The man can’t hit.
At least, he hasn’t been able to hit effectively for the better part of the last two seasons. The luster continues to fade from Keston Hiura’s once-promising outlook at the big league level, and today he was demoted back to the minors for the second time in 2021.
INF Keston Hiura has been optioned to Triple-A Nashville pic.twitter.com/jNxoIxTQ6l— Milwaukee Brewers (@Brewers) June 7, 2021
Hiura debuted with a bang in 2019, batting .303/.368/.570 with 19 home runs and nine steals across 84 games, quickly asserting himself as one of the team’s top offensive players and someone who looked like he was going to be a cornerstone of the franchise for years to come. But that 138 OPS+ masked a 30.8% strikeout rate, and when the whiffs increased and his .402 BABIP fell back down to earth during the pandemic-shortened 2020 campaign, his batting line fell off sharply. Hiura still led the team with 13 homers in 59 games last season, but he also led the National League with 85 punchouts and came in with a .212/.297/.410 slash for a well below-average 87 OPS+.
Hiura was tasked with both bouncing back at the plate and learning the new position of first base in 2021, and thus far he has not been up to either one of those challenges. He has been charged with three errors and graded at -1 Defensive Runs Saved so far at the cold corner while his struggles at the plate have only intensified. Hiura is routinely swinging through hittable pitches in the middle of the strike zone; among players with 100 plate appearances this season, his zone contact rate of 59.1% is the lowest in MLB by 8 percentage points, and among that same sample his 24.1% swinging-strike rate is the league’s worst by nearly four percentage points. When has made contact, he’s rarely done so with any authority — his .093 ISO and 38.7% hard contact rate (per Statcast) are both the worst marks of his career.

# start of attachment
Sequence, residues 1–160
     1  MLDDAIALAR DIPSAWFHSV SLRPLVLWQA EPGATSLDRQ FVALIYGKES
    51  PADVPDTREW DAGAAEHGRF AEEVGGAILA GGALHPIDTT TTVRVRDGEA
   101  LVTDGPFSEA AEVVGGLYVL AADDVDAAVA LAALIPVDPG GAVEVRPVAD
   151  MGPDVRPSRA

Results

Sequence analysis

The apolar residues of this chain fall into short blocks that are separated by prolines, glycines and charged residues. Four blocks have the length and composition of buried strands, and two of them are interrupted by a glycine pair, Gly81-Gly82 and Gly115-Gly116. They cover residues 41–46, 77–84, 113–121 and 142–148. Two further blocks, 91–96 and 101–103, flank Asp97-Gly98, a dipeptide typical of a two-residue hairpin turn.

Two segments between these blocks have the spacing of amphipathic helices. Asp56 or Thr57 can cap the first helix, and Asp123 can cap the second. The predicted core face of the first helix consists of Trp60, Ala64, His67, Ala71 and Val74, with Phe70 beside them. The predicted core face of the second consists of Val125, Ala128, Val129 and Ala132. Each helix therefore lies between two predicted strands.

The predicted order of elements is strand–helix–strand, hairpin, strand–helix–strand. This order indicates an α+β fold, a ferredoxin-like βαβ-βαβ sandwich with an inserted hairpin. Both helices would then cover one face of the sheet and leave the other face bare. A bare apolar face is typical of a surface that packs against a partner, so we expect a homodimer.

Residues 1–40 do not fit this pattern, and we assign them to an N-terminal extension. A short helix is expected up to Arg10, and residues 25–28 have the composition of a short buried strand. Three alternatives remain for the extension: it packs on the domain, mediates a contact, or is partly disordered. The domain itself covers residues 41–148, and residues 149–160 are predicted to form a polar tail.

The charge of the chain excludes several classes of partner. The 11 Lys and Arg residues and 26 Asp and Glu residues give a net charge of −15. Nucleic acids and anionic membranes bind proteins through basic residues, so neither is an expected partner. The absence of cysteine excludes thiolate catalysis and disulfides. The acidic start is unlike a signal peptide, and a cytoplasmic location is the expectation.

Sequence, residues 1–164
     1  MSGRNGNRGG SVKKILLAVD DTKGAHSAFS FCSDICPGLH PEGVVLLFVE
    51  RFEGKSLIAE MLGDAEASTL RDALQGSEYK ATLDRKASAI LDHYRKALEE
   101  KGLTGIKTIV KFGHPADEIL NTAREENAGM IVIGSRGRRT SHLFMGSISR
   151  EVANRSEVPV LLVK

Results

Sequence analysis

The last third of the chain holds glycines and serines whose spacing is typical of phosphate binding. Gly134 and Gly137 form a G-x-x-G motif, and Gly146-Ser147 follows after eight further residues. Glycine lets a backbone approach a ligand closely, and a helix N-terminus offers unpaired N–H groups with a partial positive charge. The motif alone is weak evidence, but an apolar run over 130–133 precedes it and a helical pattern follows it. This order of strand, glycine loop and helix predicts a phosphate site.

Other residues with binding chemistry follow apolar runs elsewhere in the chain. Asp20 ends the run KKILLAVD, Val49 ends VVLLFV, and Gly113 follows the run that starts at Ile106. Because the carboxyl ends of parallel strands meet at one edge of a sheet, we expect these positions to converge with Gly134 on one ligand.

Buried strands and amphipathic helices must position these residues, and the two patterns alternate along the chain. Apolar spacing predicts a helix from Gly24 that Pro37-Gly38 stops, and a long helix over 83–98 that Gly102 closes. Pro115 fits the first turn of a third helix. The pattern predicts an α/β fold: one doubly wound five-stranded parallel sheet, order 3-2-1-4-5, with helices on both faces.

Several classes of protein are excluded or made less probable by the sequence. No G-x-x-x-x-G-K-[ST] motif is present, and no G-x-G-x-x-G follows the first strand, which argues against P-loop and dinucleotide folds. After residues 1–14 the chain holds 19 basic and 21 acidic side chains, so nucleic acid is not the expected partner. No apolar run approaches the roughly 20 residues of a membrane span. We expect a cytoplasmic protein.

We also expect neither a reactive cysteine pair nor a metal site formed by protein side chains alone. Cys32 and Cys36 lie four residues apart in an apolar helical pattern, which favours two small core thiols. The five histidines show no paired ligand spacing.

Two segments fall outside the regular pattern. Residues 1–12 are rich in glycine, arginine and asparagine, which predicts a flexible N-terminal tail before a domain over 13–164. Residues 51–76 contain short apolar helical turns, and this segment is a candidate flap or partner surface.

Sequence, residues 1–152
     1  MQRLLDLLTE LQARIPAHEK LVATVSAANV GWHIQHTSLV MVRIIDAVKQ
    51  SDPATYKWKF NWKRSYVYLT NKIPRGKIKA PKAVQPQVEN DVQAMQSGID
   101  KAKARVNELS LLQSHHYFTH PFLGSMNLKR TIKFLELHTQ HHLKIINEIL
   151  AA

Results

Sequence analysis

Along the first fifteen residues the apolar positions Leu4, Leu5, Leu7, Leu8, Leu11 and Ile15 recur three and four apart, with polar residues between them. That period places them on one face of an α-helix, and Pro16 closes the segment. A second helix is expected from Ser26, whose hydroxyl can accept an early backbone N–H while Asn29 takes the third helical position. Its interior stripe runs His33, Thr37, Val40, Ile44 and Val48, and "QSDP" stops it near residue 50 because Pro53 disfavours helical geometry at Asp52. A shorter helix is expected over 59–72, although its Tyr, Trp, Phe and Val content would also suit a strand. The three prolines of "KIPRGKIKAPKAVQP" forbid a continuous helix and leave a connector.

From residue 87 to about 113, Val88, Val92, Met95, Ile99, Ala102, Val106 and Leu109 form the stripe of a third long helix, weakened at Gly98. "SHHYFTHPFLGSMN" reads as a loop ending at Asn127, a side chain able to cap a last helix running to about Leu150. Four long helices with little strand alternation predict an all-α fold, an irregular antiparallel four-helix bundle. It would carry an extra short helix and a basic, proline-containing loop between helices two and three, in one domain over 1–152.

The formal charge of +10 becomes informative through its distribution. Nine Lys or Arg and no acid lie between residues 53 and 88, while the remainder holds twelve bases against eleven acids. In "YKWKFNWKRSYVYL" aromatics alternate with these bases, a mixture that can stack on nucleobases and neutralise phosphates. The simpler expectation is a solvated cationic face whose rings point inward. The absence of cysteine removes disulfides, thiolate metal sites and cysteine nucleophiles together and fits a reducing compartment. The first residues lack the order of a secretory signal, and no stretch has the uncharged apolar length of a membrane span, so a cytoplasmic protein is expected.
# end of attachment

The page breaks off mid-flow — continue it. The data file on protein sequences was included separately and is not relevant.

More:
Keston spent a couple weeks down in the minors in May and raked to the tune of a .438/526/.906 slash line and three homers in 38 plate appearances, earning a player of the week award along the way. But again, he did so while posting a 34.2% strikeout rate against Triple-A level pitching. After returning to the Brewers on May 24th, he recorded just two hits, two walks, and 16 strikeouts across his next 33 plate appearances, leading to this second demotion. It seems likely that this may be a longer stint in the minors for Hiura as he searches for some kind of adjustment.
The Brewers have yet to make a corresponding move and with the off day on Monday, and they are unlikely to announce anything until tomorrow before the series opener in Cincinnati. The team does have Dan Vogelbach on the roster, though his 85 OPS+ hardly inspires much confidence. Travis Shaw could see time there, too, but his production has been even worse than Vogelbach’s (69 OPS+). It will be interesting to see if the Brewers wind up promoting a utility player along the lines of Tim Lopes or Jace Peterson, or if they’ll look to more of a corner infielder like Triple-A performers Zach Green or Weston Wilson.
Statistics courtesy of Baseball-Reference and Fangraphs